port. “The tenuous nature of the contract grape growing economy may pose a barrier to organic conversions by growers who do not produce their own wines. The majority of organic wine grape production in New Zealand is currently undertaken by wineries, rather than growers selling their grapes on the open market. It may be perceived as riskier for an independent grape grower to convert to organic production without having an assured buyer and guaranteed price waiting at the end of the three-year organic conversion process.” Could wineries incentivise and support their contract growers to convert to organic production?, the report asks. Particularly as the demand for organic fruit has risen in recent years with 2018 experiencing a shortage in terms of supply versus demand. tessa.nicholson@me.com

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NZ WINEGROWER  AUGUST/SEPTEMBER 2018  //   117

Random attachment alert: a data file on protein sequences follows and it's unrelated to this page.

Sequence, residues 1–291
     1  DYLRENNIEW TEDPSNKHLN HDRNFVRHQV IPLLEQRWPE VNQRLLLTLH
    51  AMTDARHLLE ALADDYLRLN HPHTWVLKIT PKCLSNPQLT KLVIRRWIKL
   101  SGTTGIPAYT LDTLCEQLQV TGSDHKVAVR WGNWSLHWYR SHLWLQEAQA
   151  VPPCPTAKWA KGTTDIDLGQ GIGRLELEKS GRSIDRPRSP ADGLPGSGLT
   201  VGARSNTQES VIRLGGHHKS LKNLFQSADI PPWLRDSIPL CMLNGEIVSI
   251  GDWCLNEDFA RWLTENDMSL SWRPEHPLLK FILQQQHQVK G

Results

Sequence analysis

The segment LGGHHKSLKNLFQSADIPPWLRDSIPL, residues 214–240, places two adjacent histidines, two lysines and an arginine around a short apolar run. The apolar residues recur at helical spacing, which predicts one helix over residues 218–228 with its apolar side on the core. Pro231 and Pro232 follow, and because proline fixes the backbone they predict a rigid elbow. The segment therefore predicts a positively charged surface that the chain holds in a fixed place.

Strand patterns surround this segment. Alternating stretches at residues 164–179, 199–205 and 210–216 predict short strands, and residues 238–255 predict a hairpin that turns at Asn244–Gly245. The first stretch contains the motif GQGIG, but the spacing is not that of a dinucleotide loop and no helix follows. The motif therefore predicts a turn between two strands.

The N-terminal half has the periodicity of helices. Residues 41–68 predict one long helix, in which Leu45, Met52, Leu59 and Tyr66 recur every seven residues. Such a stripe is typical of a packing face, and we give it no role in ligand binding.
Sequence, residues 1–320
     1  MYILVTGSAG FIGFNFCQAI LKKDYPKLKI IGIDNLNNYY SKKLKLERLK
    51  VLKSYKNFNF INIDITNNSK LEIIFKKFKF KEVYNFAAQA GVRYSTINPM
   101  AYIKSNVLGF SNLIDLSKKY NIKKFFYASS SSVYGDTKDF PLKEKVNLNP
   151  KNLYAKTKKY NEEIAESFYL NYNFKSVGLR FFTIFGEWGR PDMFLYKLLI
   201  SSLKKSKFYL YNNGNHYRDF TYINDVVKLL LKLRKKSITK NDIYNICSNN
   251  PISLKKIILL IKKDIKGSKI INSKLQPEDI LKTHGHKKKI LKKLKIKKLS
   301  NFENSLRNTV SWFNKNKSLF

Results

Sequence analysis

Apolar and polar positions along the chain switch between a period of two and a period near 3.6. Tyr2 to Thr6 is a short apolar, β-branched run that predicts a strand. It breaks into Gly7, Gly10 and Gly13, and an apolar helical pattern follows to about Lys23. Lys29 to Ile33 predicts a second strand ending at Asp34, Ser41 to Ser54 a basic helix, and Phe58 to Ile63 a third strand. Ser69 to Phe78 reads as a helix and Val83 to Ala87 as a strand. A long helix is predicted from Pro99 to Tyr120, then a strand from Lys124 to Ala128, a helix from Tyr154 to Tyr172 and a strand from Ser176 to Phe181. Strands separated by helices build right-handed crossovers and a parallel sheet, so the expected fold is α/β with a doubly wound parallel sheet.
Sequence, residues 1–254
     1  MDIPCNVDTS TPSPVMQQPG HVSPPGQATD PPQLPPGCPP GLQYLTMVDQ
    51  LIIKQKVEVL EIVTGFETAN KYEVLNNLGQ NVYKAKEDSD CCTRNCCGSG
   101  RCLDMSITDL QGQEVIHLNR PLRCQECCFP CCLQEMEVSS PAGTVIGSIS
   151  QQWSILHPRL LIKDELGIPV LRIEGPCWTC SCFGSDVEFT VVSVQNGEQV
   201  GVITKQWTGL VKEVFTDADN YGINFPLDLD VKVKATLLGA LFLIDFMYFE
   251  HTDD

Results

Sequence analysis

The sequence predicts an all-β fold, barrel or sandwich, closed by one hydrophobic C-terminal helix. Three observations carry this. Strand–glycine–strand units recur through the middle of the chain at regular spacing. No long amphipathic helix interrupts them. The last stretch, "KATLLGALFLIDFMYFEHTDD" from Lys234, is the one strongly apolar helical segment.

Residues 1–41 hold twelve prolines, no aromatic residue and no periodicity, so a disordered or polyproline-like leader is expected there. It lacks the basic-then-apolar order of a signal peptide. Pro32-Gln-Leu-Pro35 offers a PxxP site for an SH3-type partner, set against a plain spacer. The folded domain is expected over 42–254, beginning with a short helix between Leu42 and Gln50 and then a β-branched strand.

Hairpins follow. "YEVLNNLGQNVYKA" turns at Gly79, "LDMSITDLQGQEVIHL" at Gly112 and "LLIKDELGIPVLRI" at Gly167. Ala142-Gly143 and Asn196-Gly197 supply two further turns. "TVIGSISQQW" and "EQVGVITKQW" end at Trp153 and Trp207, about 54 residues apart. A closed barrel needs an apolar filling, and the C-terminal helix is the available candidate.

Industry News

New CEO for Wine-Searcher IT’S ALL change at the top, as Wine-Searcher welcomes a new chief executive and its founder steps back from the limelight. Martin Brown, who created Wine-Searcher in 1999, announced he would be stepping down as CEO and his replacement would be Julian Perry, the creator of UK-based tech company Limitless. It’s not the first time that Brown has handed over the reins – in the company’s 20-year history there have been two other CEOs, with Brown taking the reins on three different occasions. “Initially, like most start-ups, I ran the business and worked

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two jobs. Then Anne Walsh was CEO, followed by Adon Kumar. I have been running Wine-Searcher for the last 10 years. Jules is our fourth CEO,” Brown said. Life has changed since the early days of Wine-Searcher, which Brown admits was rudimentary – a world away from the major industry resource it is today. Wine-Searcher is one of the most formidable specialist databases on the internet and is often referred to as the “Google for wine”. “What amazes me is how slowly it all took shape. You read about booming IT companies, but it took seven years before I